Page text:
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Next level for disability law in Nigeria

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By Hameed Oyegbade

THE Discrimination against Persons with Disabilities (Prohibition) Act 2018, definitely was a milestone for those affected and probably for all the citizens. At least, the over 25 million persons that are living with disabilities in Nigeria are happy over the passage and signing of a law aimed at reintegrating them fully back into the society.


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The Act envisages the condition and limitations of persons living with disabilities and makes provision for their inclusion in the society at least as succour to mitigate their emotional and psychological trauma. If the law is implemented, it would alleviate the suffering of persons living with disabilities to a great extent and even curb the menace of using them as object of begging. It would also offer relief to relations of this category of Nigerians who bear the entire burden of catering for them.

But it may not happen easily and this law might just become one of those laws that are just there without being implemented. For instance, the law that prohibits discrimination against persons living with HIV/AIDS is not being implemented. That law provides that all places of work must develop HIV/AIDS workplace policy as a way of ensuring that the employers would not maltreat employees because of their HIV status. Up till now, if at all, it’s rare to see any workplace that has such policy.

The implementation of that law on prohibition of discrimination against persons living with HIV suffered serious setback because there was no push until recently that Lawyers Alert Nigeria, a nongovernmental organisation, took up the case of a man who was sacked by his employer because of his HIV status. Lawyers Alert dragged the employer to court and won the case and the man, Mr. X, was handsomely compensated. The punishment to that employer served as deterrent to other employers who tend to behave in the same manner.

Another law also facing implementation challenge is the ‘Not Too Young to Rule’. Despite the passage of this law, it was shocking that the percentage of the youth that got elected in the just concluded 2019 elections was not commensurate with the expectation in a country with huge population of youths.

Also, the Freedom of Information Act, up till now, has not been given the chance at implementation stage. There are several cases in court now on the application of the Freedom of Information Act. A human rights activist and member of Ondo State Civil Society Organisation, Martins Alo, dragged the Ondo State Government to court over issues around application of the Freedom of Information Act and the case has been foot-dragging from High Court to Appeal Court and now at Supreme Court with its fate hanging in the balance.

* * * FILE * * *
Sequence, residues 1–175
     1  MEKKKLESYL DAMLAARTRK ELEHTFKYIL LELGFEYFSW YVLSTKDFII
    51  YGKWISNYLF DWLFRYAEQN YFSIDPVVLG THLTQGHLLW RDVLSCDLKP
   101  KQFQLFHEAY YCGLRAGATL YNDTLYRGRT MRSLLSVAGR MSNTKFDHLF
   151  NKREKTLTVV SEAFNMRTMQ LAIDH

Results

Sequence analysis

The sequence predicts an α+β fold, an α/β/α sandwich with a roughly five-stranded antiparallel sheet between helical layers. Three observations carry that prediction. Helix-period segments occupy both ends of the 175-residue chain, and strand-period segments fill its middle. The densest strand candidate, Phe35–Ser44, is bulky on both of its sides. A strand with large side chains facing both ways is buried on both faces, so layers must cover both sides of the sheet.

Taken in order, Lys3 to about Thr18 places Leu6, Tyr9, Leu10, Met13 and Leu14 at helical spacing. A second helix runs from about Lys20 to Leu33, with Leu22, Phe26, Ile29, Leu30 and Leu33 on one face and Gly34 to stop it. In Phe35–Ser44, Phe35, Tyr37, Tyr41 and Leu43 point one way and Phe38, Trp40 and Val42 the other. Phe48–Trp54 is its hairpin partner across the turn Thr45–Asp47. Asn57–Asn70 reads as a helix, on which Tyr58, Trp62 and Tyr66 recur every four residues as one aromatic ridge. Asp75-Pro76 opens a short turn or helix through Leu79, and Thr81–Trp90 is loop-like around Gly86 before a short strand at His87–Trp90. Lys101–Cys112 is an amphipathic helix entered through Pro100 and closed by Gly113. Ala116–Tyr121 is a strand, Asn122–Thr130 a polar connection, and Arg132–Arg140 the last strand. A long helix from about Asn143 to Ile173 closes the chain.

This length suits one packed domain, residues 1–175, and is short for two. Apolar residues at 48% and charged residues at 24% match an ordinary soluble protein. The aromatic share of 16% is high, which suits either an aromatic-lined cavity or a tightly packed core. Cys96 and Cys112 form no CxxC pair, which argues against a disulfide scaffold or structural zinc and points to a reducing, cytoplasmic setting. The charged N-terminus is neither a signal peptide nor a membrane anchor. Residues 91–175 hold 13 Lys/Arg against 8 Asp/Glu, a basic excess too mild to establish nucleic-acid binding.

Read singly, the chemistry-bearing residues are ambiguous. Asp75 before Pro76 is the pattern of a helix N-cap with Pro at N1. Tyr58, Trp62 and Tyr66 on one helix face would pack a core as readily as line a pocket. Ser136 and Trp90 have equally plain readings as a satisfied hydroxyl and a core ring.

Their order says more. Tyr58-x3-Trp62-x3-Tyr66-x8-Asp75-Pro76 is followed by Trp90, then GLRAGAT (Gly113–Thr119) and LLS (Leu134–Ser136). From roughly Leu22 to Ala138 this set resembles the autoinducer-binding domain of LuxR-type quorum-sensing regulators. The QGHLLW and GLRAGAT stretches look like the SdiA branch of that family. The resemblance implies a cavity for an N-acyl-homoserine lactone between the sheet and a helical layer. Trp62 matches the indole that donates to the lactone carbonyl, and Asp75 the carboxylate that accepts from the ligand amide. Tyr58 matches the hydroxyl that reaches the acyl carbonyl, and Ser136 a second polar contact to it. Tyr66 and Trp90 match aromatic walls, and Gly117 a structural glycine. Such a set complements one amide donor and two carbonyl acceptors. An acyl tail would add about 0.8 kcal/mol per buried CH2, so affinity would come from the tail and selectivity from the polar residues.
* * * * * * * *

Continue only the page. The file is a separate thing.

One then begins to wonder why such laws were passed and signed since they cannot be implemented. What then is the essence of the legislative arm of government that gulps huge resources from the nation to service the legislators. And what’s the essence of government without laws when the state exists due to the existence of the law. Why do we then have the judiciary if the laws would not function?

This disability act is a litmus test to really know the seriousness and sincerity of the administration of President Muhammadu Buhari who is a disciplined law enforcer, given his military background. And what about the vice president, Yemi Osinbajo, a professor of law and senior advocate of Nigeria, SAN.

Stakeholders from various clusters in the disabilities community in Nigeria demand the immediate implementation of this Disability Act. At a recent strategy session facilitated by the Department for International Development, DFID’s, Partnership to Engage, Reform and Learn, PERL, the stakeholders dissected the law and identified priority areas that required immediate implementation.

Professor Jubril Isah of Bayero University, Kano, BUK; Dr. Adebukola Adebayo, Member, Governing Board, Lagos State Office for Disability Affairs, LASODA; Mr. David Anyaele, Executive Director, Centre for Citizens with Disabilities; Mr. Daniel Onwe, President, Lawyers Living with Disabilities; Irene Ojugo Patrick-Ogbogu, Executive Director, Disability Rights Advocacy Centre, DRAC and Sulaimon Abdulazeez, Chairman, Kaduna State chapter of JONAPWD were among the stakeholders at the session and they unanimously agreed on five key areas for immediate implementation of the law.

The stakeholders commended the National Assembly and the Presidency for gazetting the law. They urged President Buahri to set up the national commission for disability without delay. They also appealed to the Federal Government to provide fund for the commission to enable it become effective. They also emphasised the need for all stakeholders, including the media, to create more awareness of the law so that every citizen would be aware of the existence of the law and abide by it. The stakeholders charged all state governors to domesticate the disability law in their various states.

In conclusion, the persons living with disabilities are citizens of this country who deserve to live and function unhindered (within the ambit of the law). But they are at disadvantage in most cases and are often being denied access and opportunities because of their condition. This disability law was necessitated by the desire to reintegrate them fully into the society and give them a sense of belonging. This will promote love among the citizenry if well implemented. Therefore, I urge President Buhari and all those concerned to please kindly take the Disability Law in Nigeria to the Next Level by ensuring its immediate implementation.

Oyegbade, a journalist, wrote from Osogbo, Osun State


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